אֲמַר לְהוּ קַל וָחוֹמֶר בְּרֵישָׁא וּפַרְכוּהּ וַהֲדַר אָמַר לְהוּ קְרָא The Gemara answers: Rabbi Yehuda first said to them the a fortiori inference, and they refuted it as mentioned above, and he then said to them the derivation from the verse.
רַבִּי יְהוּדָה הַיְינוּ תַּנָּא קַמָּא אִיכָּא בֵּינַיְיהוּ אֲבָל אָמְרוּ The Gemara clarifies: Apparently, the opinion of Rabbi Yehuda is the same as that of the first tanna in the baraita, who also cites the verse as proof that by Torah law the husband alone brings his wife to the priest. The Gemara explains: The difference between them concerns the following clause: But the Sages said that the court provides him with two Torah scholars to accompany him. The first tanna holds that the Sages require two scholars to accompany the husband and wife, while Rabbi Yehuda holds that they do not.
מַתְנִי׳ הָיוּ מַעֲלִין אוֹתָהּ לְבֵית דִּין הַגָּדוֹל שֶׁבִּירוּשָׁלַיִם וּמְאַיְּימִין עָלֶיהָ כְּדֶרֶךְ שֶׁמְּאַיְּימִין עַל עֵדֵי נְפָשׁוֹת MISHNA: The mishna details the next stage of the process. They would bring her up to the Sanhedrin that was in Jerusalem, and the judges would threaten her in order that she admit her sin. And this was done in the manner that they would threaten witnesses testifying in cases of capital law. In those cases, the judges would explain to the witnesses the gravity of their testimony by stressing the value of human life. Here too, the judges would attempt to convince the woman to admit her sin, to avoid the loss of her life.
וְאוֹמֵר לָהּ בִּתִּי הַרְבֵּה יַיִן עוֹשֶׂה הַרְבֵּה שְׂחוֹק עוֹשֶׂה הַרְבֵּה יַלְדוּת עוֹשָׂה הַרְבֵּה שְׁכֵנִים הָרָעִים עוֹשִׂין And additionally, the judge would say to her: My daughter, wine causes a great deal of immoral behavior, levity causes a great deal of immoral behavior, immaturity causes a great deal of immoral behavior, and bad neighbors cause a great deal of immoral behavior. The judge encouraged her to admit her sin by explaining to her that he understands that there may have been mitigating factors.
עֲשִׂי לִשְׁמוֹ הַגָּדוֹל שֶׁנִּכְתַּב בִּקְדוּשָּׁה שֶׁלֹּא יִמָּחֶה עַל הַמַּיִם וְאוֹמֵר לְפָנֶיהָ דְּבָרִים שֶׁאֵינָם כְּדַי לְשׁוֹמְעָן הִיא וְכׇל מִשְׁפַּחַת בֵּית אָבִיהָ The judge then continues: Act for the sake of His great name, so that God’s name, which is written in sanctity, shall not be erased on the water. If the woman admits to having committed adultery, the scroll upon which the name of God is written will not be erased. And additionally, the judge says in her presence matters that are not worthy of being heard by her and all her father’s family, in order to encourage her to admit her sin, as the Gemara will explain.
אִם אָמְרָה טְמֵאָה אֲנִי שׁוֹבֶרֶת כְּתוּבָּתָהּ וְיוֹצֵאת If after the judge’s warning she says: I am defiled, she writes a receipt for her marriage contract. That is, she writes a receipt indicating that she has no claims on her husband with regard to the sum written in her marriage contract, as a woman who admits to adultery forfeits her right to this payment. And she is then divorced from her husband.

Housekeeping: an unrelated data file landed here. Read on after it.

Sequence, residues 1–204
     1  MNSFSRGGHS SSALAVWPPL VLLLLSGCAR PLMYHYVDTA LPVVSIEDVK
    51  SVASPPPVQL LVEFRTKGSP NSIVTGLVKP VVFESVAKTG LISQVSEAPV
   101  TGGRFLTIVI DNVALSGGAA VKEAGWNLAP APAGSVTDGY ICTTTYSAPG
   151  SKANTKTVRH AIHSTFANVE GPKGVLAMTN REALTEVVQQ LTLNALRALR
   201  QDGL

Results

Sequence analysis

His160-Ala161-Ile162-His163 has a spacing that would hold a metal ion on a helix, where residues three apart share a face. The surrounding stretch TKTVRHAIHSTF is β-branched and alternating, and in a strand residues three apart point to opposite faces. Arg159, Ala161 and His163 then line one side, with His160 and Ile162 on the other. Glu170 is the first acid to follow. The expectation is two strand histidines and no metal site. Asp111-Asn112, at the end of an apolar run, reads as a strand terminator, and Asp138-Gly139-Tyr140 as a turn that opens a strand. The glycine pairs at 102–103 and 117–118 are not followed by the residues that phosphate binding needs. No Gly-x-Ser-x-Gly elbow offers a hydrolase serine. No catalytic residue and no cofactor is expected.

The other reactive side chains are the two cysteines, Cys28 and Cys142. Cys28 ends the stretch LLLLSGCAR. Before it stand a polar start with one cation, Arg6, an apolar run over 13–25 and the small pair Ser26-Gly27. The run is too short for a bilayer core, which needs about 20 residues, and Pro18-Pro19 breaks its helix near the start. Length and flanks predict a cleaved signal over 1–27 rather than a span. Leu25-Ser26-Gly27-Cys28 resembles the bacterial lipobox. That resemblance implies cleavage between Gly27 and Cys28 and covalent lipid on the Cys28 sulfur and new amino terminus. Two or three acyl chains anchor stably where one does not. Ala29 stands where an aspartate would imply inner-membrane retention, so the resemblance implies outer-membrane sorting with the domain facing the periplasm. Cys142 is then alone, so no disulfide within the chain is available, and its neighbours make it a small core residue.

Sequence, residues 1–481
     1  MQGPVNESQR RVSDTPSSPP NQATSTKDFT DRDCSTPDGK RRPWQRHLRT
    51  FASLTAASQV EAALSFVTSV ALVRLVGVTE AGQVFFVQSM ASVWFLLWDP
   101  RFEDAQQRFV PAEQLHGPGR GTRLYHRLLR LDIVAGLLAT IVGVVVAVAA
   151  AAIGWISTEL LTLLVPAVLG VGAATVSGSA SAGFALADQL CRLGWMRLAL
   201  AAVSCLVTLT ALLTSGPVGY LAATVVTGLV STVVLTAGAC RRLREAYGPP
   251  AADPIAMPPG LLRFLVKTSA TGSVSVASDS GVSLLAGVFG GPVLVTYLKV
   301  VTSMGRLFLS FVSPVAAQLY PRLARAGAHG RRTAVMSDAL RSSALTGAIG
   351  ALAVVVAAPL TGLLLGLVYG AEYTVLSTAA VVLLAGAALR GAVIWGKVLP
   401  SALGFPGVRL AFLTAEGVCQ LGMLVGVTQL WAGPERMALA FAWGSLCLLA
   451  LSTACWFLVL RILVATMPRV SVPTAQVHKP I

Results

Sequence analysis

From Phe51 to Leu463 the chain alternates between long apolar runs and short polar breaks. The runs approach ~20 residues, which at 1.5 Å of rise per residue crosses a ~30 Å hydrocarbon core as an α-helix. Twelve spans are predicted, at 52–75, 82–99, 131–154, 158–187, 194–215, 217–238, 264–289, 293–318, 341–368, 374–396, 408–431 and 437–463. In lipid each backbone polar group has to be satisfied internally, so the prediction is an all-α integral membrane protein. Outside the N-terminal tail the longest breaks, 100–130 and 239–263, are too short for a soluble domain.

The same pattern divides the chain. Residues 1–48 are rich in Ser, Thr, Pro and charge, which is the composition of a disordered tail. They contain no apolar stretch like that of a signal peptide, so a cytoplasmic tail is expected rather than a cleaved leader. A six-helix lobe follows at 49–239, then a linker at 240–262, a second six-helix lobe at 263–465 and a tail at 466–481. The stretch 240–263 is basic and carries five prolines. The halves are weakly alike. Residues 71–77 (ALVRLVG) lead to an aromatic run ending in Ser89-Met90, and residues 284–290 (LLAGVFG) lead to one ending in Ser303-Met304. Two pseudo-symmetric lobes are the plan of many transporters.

וְאִם אָמְרָה טְהוֹרָה אֲנִי מַעֲלִין אוֹתָהּ לְשַׁעַר הַמִּזְרָח שֶׁעַל פֶּתַח שַׁעַר נִקָּנוֹר שֶׁשָּׁם מַשְׁקִין אֶת הַסּוֹטוֹת וּמְטַהֲרִין אֶת הַיּוֹלְדוֹת וּמְטַהֲרִין אֶת הַמְצוֹרָעִין But if after the warning she maintains her innocence and says: I am pure, they bring her up to the Eastern Gate, which is at the opening of the Gate of Nicanor, because three rites were performed there: They give the sota women the bitter water to drink, and they purify women who have given birth (see Leviticus 12:6–8), and they purify the lepers (see Leviticus 14:10–20).
וְכֹהֵן אוֹחֵז בִּבְגָדֶיהָ אִם נִקְרְעוּ נִקְרְעוּ וְאִם נִפְרְמוּ נִפְרְמוּ עַד שֶׁהוּא מְגַלֶּה אֶת לִבָּהּ וְסוֹתֵר אֶת שְׂעָרָהּ רַבִּי יְהוּדָה אוֹמֵר אִם הָיָה לִבָּהּ נָאֶה לֹא הָיָה מְגַלֵּהוּ וְאִם הָיָה שְׂעָרָהּ נָאֶה לֹא הָיָה סוֹתֵר The mishna continues describing the sota rite. And the priest grabs hold of her clothing and pulls them, unconcerned about what happens to the clothing. If the clothes are torn, so they are torn; if the stitches come apart, so they come apart. And he pulls her clothing until he reveals her heart, i.e., her chest. And then he unbraids her hair. Rabbi Yehuda says: If her heart was attractive he would not reveal it, and if her hair was attractive he would not unbraid it.
הָיְתָה מִתְכַּסָּה בִּלְבָנִים מְכַסֶּהָ בִּשְׁחוֹרִים הָיָה עָלֶיהָ כְּלֵי זָהָב If she was dressed in white garments, he would now cover her with black garments. If she was wearing gold adornments,